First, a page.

nep-gro New Economics Papers
on Economic Growth
Issue of 2020‒12‒07
five papers chosen by
Marc Klemp
University of Copenhagen

  1. Back to the past: the historical roots of labour-saving automation By Staccioli, Jacopo; Virgillito, Maria Enrica
  2. Social Adaptation to Diseases and Inequality: Historical Evidence from Malaria in Italy By Paolo Buonanno; Elena Esposito; Giorgio Gulino
  3. Money, Growth, and Welfare in a Schumpeterian Model with the Spirit of Capitalism By Qinchun He; Yulei Luo; Jun Nie; Heng-fu Zou
  4. The fiscal origins of comparative inequality levels: an empirical and historical investigation By Irarrázaval, Andrés
  5. Induced shifting involvements and cycles of growth and distribution By Michalis Nikiforos

  1. By: Staccioli, Jacopo; Virgillito, Maria Enrica
    Abstract: This paper, relying on a still relatively unexplored long-term dataset on U.S. patenting activity, provides empirical evidence on the history of labour-saving innovations back to early 19th century. The identification of mechanisation/automation heuristics, retrieved via textual content analysis on current robotic technologies by Montobbio et al. (2020), allows to focus on a limited set of CPC codes where mechanisation and automation technologies are more prevalent. We track their time evolution, clustering, eventual emergence of wavy behaviour, and their comovements with long-term GDP growth. Our results challenge both the general-purpose technology approach and the strict 50-year Kondratiev cycle, while provide evidence of the emergence of erratic constellations of heterogeneous technological artefacts, in line with the developmentblock approach enabled by autocatalytic systems.
    Keywords: Labour-Saving Technologies,Search Heuristics,Industrial Revolutions,Wavelet analysis
    JEL: O3 C38 J24
    Date: 2020
  2. By: Paolo Buonanno; Elena Esposito; Giorgio Gulino
    Abstract: Disease and epidemics have been a constant presence throughout the history of humanity. In order to mitigate the risks of contagion, societies have long “adapted” to diseases, implementing an array of coping strategies that, in the long run, have had considerable economic and social consequences. This article advances the hypothesis, and documents empirically, that the need to alleviate the dangers of malaria shaped all aspects of life in agricultural communities, from where and how people settled, to how and what they could farm. As larger farms were better equipped to adopt these risk-mitigating strategies, centuries of exposure to malaria had important implications for inequality and wealth distribution.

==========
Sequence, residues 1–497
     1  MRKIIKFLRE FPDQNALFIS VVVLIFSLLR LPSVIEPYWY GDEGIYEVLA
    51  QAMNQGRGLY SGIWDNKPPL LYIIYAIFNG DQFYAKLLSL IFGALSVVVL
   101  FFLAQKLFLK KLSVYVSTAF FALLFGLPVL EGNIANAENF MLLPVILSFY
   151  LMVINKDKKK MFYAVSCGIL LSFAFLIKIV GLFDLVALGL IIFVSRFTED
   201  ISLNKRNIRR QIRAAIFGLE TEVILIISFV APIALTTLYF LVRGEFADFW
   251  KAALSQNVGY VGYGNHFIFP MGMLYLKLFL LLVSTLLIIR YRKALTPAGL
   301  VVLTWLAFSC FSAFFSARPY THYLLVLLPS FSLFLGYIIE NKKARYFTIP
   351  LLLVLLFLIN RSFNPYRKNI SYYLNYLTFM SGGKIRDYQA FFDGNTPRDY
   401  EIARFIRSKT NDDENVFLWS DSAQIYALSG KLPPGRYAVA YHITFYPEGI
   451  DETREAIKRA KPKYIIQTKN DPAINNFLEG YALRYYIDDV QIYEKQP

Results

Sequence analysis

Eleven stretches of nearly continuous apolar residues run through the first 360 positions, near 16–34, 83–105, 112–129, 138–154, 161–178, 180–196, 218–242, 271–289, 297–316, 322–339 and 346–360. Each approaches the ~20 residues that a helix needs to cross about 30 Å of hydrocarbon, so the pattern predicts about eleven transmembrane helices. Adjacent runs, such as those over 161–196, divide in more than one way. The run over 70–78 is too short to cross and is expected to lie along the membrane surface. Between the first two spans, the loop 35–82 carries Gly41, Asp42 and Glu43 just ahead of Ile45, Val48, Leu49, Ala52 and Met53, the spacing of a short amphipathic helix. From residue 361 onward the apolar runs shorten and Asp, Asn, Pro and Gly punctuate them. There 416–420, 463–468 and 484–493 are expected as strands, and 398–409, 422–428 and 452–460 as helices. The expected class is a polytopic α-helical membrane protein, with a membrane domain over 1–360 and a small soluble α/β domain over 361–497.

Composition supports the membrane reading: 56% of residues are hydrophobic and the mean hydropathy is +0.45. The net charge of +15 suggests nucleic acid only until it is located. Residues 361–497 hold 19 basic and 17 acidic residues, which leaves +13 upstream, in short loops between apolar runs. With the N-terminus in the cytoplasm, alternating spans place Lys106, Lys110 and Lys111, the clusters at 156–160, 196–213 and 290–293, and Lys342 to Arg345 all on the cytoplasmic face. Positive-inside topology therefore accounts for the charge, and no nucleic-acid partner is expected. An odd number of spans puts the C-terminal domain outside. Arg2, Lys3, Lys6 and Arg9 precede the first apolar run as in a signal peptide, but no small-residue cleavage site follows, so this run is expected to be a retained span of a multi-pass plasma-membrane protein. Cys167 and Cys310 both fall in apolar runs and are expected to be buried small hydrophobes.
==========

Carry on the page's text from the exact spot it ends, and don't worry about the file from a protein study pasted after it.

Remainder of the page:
Keywords: land concentration, Inequality, malaria, diseases, human capital, long-run development
    JEL: O40 O13 O15 N30
    Date: 2020–11
  3. By: Qinchun He; Yulei Luo; Jun Nie; Heng-fu Zou
    Abstract: According to Schumpeter (1934), entrepreneurs are driven to innovate not only for the fruits of success but for success itself. This description of entrepreneurship echoes Weber’s (1958) description of the “spirit of capitalism,” which states that people enjoy the accumulation of wealth irrespective of its effect on smoothing consumption. This paper explores the implications of the spirit of capitalism on monetary policy, growth, and welfare in a Schumpeterian growth model. Different from the existing literature, we show that money is not superneutral in the long run and could promote economic growth when the spirit of capitalism is strong. Furthermore, we show that the optimal nominal interest rate decreases with the strength of the spirit of capitalism, potentially supporting a negative interest rate. Finally, our calibrated model suggests that the spirit of capitalism explains an important share (about one-third) of long-run growth in the United States.